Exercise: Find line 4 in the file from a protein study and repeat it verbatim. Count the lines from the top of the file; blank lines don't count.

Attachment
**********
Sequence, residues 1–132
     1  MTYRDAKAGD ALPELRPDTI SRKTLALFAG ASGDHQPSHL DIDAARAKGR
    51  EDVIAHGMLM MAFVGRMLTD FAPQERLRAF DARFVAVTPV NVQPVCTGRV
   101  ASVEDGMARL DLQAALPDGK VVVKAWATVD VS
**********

   101  ASVEDGMARL DLQAALPDGK VVVKAWATVD VS